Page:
This Mom Flew Helicopters in Desert Storm

The First Gulf War

Army Chinook Pilot Looks Back on Her Service

Part I:  The three part story of one Desert Storm helicopter pilot.

Captain Victoria Calhoun sat on the “ass end” of her CH-47D Chinook helicopter—parked nose to tail with Alpha Company’s other 15 choppers. The night was clear, the stars looked close enough to touch. As cold crept up the arms and legs and down the neck of her Army-issue flight suit, she drew her Army-issue blanket closer around her.

At 3 a.m., the deep-throated roar of F-15s firing up shook the night. Their rising thunder was matched by the rising flow of adrenaline coursing through the captain’s blood. Then came the takeoff blast as the jets roared skyward, their engines glowing. Hundreds of fighter-bombers were on their way to bomb Baghdad.

Desert Storm Had Begun!

“This is it,” Calhoun thought. “This is what I’ve been waiting for. This is why I’m here.” It was January 17, 1991, and the First Gulf War, Desert Storm, had just begun.

In 1980 Calhoun, a freshman at Mary Baldwin College, an all-women’s school in Virginia, signed up for Army ROTC through nearby James Madison University. Majoring in biology, she graduated in 1983 and was commissioned a second lieutenant. She entered the Army just as opportunities were opening up for women.

A flight school slot, followed by four years in Germany learning to pilot the Chinook in combat-support missions, earned Calhoun her captain’s bars. In 1989 came her hoped-for assignment to the home of the famed 82nd Airborne Division, Fort Bragg, N.C.

Fort Bragg Is Where It’s Happening!

“I wanted to go to Fort Bragg because if anything was happening, it was happening at Fort Bragg,” Calhoun said. She was assigned to the Battalion Operations Section as the training officer and assistant operations officer.

“We already had people down in Panama*,” she explained.

*[The United States Invasion of Panama, codenamed Operation Just Cause, lasted December 20, 1989 to January 31, 1990. Panamanian leader, general, and dictator Manuel Noriega was deposed citing racketeering and drug trafficking.] Source: Wikipedia

“The planes down there were C models. I had a lot of CH-47C model, night-vision-goggle time. Enough to be sent there—if I had been male. I volunteered repeatedly to go to Panama. What I didn’t know at that time was that my boss, the S-3 operations officer, didn’t want women to go.”

Wanted: Combat-Related Time and Experience

Like all soldiers, Calhoun was motivated by a desire to do the job, be part of the team and make a contribution. Advancement in the military is equated with combat-related time and experience. Women need it to move up in the ranks, just as the men do. The pathway up appeared to be blocked.

Then on August 7, 1990, Iraq’s Saddam Hussein invaded Kuwait.

“We got word the 18th Aviation Brigade was going to the Persian Gulf,” Calhoun said. “‘Are the women going?’ my boss asked. ‘Absolutely,’ the battalion commander said after a long pause. ‘We can’t do this without them!’ I sensed that, while we anxiously awaited his answer, he was mentally reviewing all the women and where they worked—including our battalion S-2 and me.”

Only a Handful of Women Helicopter Pilots

One of a handful of women helicopter pilots in the Army, this time Calhoun was going where the action was: “I was the first woman from the brigade into Saudi Arabia—13 days after the operation started. Our advance party flew in on a C-5 with two UH-1H Huey helicopters.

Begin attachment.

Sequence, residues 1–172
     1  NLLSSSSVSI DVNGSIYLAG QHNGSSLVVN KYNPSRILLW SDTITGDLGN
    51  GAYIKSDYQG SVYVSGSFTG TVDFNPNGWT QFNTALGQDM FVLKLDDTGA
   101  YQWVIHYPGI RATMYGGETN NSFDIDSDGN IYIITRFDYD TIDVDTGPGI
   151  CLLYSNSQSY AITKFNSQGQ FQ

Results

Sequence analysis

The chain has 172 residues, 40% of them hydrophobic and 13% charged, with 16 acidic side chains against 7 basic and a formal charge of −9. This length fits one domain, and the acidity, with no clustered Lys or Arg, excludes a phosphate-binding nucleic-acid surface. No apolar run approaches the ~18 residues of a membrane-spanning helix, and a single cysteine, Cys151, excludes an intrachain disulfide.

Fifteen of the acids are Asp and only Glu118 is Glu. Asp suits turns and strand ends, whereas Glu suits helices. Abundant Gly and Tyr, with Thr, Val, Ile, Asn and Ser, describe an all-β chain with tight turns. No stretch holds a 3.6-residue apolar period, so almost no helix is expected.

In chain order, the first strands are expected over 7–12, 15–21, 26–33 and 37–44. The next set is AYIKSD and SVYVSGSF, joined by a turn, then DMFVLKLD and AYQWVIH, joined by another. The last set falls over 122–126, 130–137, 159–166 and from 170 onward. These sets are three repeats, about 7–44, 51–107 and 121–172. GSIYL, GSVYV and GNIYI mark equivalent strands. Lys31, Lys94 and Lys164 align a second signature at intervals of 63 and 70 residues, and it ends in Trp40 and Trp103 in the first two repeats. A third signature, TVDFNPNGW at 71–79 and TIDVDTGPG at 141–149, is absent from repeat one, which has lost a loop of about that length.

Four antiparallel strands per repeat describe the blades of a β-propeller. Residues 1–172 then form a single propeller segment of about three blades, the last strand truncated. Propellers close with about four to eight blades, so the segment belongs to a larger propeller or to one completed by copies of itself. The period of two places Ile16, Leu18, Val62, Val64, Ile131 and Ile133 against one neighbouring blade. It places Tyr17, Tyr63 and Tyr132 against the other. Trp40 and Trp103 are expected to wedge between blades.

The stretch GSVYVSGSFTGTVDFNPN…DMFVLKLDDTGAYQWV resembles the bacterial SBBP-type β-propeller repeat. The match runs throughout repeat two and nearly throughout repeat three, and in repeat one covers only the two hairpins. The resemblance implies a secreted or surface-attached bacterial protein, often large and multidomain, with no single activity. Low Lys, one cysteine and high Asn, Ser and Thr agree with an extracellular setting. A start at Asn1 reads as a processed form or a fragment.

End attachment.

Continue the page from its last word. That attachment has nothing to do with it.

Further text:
“When we got to Dhahran, the brigade commander had to negotiate with the Saudis to get our aircraft in there. Right then our helicopters were being disassembled back in North Carolina, put aboard ship and sent to the Persian Gulf by sea. We had to build a heliport for them, and to do that we had to show the Saudis how many planes were coming.

I drew a map and used paper cutouts of helicopters to illustrate the numbers. Then we began laying asphalt—three miles of it! When the planes arrived, we offloaded them, reassembled them and parked them on the new heliport. Chinooks take up a lot of space.”

Buddies: During Desert Shield, the Women Bonded

While the politicians played a global game of chicken, Calhoun and the rest of the Desert Shield brigade waited. November came and went. December segued into the New Year. And still they waited. Calhoun and six other women helicopter pilots who were sharing cramped quarters in a compound in Dhahran bonded. Like men have done over centuries of warfare, they became buddies in the traditional Army sense.

On January 15, 1991, the United Nations gave Saddam Hussein an ultimatum to withdraw from Kuwait. He didn’t budge, and on January 17, U.N. forces led by the U.S. attacked Iraq. Desert Shield had become Desert Storm, and a five-week air war ensued.

Calhoun, her crew and all of Alpha Company continued to watch and wait. On January 21, the 18th Aviation Brigade got the word to move by ground and air to set up near Rafha for the push north.

February 24 — the Ground War Was On!

On February 24, the ground war erupted, and the 18th went into action. Desert Shield was over. Desert Storm had begun.


Continued next week —Part II.

Sarah Byrn Rickman is the author of nine books about the WASP, the American women pilots who flew in World War II, and serves as editor of the official WASP newsletter.

This updated article originally was published in the March 2013 issue of Aviation History magazine. To subscribe, click here.

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